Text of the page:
“A journey of a thousand miles must begin with a single step.” – Lao Tzu
While 2003 was a memorable summer of travel in Western Europe (also the summer before I started law school), the summer of 2006 was also a memorable summer of travel, but for different reasons. In 2003, I travelled for two-thirds of my trip with a group of fellow travellers on a tour bus hitting 10 countries in 13 days (the first 1/3 in the Languedoc region in the south of France). I finished law school the first week of May 2006. A week or so later, I was on a Qantas plane en route from Vancouver to Sydney, Australia – a country everyone had always told me I should explore with a backpack (including my older brother who had gone himself to Oz years earlier).
I think I must have worried my mother when I left Canada; I only brought my backpack, a week’s change of clothes, and my Lonely Planet guide book; but, I had all the enthusiasm in the world! (As I write this, I recall actually checking my final law grades from an internet cafe on George Street in downtown Sydney next to my Youth Hostel Association (YHA) hostel…) Being a neurotic A-type personality (at the time, but much less so now!), I attempted to mitigate any sense of surprise and spontaneity (having become accustomed to dismantling the fictional adversary’s position in law school exams and the like the previous 3 years) by planning out each leg of my 2-month journey to Oz. I believe this attempt at pre-planning was somewhat ambitious and unrealistic, 9 years later, and all through the lens of hindsight.
Speaking of lenses, as an aside, I admit I have “drunk the koolaid” on mindfulness as of late. But, do you know what? I’m glad I did. My practice of mindfulness has “opened” my eyes to a whole new world of not just living, but living consciously, purposefully, and non-judgmentally.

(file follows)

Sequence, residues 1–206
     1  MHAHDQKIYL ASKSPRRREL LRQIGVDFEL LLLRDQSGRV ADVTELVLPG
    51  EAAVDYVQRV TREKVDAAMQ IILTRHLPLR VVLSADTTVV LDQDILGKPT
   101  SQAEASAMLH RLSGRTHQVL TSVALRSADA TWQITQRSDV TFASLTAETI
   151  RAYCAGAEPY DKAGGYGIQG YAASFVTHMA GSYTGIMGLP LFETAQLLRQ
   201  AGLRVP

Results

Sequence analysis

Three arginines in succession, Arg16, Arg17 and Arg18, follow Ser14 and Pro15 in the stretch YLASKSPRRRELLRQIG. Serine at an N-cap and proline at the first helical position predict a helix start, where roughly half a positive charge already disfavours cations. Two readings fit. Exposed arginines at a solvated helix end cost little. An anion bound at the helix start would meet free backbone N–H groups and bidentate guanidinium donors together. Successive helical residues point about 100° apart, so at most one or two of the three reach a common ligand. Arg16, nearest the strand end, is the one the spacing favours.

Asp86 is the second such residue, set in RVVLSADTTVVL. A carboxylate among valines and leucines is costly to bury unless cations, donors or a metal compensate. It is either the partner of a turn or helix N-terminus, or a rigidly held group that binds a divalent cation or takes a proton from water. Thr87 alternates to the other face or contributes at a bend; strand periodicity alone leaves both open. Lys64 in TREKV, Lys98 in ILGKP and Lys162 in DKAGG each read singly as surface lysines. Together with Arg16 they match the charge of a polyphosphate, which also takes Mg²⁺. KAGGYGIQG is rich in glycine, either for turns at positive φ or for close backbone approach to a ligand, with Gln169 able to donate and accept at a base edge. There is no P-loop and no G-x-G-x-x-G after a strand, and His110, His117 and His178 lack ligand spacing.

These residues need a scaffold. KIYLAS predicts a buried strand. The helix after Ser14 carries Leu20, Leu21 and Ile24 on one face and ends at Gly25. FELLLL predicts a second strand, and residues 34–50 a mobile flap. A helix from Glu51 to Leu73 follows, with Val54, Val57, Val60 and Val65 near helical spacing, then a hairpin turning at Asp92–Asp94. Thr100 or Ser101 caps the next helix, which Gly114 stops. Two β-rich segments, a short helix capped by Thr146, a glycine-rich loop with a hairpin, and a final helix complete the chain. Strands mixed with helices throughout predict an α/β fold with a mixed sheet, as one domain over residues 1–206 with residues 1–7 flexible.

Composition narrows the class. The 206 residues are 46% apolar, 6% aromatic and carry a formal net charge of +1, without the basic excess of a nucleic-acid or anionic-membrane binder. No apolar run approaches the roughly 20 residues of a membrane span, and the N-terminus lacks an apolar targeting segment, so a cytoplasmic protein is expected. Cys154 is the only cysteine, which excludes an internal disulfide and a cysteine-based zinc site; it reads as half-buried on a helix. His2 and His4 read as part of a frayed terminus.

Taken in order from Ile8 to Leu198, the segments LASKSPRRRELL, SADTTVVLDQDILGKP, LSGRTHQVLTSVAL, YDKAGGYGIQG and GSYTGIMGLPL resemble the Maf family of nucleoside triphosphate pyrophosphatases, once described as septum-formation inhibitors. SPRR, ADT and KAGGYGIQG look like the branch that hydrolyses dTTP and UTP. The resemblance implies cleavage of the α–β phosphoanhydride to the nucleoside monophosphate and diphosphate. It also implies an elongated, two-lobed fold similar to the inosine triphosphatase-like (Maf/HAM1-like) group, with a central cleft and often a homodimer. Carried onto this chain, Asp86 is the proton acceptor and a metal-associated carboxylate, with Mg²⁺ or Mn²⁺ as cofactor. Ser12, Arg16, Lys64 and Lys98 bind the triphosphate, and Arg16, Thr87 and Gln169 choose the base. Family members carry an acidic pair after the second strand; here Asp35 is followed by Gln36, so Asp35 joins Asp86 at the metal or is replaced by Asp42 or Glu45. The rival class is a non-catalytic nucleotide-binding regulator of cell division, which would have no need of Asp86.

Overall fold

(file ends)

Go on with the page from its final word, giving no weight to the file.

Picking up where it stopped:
When I reflect on my travels through Australia, I cannot help but reflect mindfully on many of my experiences along my journey. I first paid a visit to my friend Ollie in Sydney. Ollie and I met on our trip to Western Europe in 2003 and became good pals during that summer. Ollie introduced me to his friends and his uni (University of Sydney) and basically how Aussies like to have fun in Sydney! His family graciously took me in for a few nights before I took a midnight bus from Sydney and began my journey up the eastern coastline to the Gold Coast. I found myself in complete awe at the beauty and changing landscape of the Australian coast line.
One of the major cities along the Sunshine Coast, Brisbane, was exceptionally beautiful. It reminded me of Vancouver’s waterfront. From Brisbane, I travelled north to Noosa for the glorious beaches and sand, and then headed further north to Rockhampton for a spontaneous 2-day sailing trip to check out the exquisite Whitsunday Islands. Following this, I spent one-night at the YHA on Great Keppel Island on the recommendation of a friend I met in Noosa. As it turns out, I met a girl there from Calgary, Alexa, who was travelling on her own in Oz. We spent a lovely day together on the beach, cooking in the communal kitchen with other hostellers, and watching the sun set over Great Keppel. We even drew our names in the sand (which we had completely to ourselves that day!). Then, as it must be with fellow travellers, Alexa was off to the next island in the morning.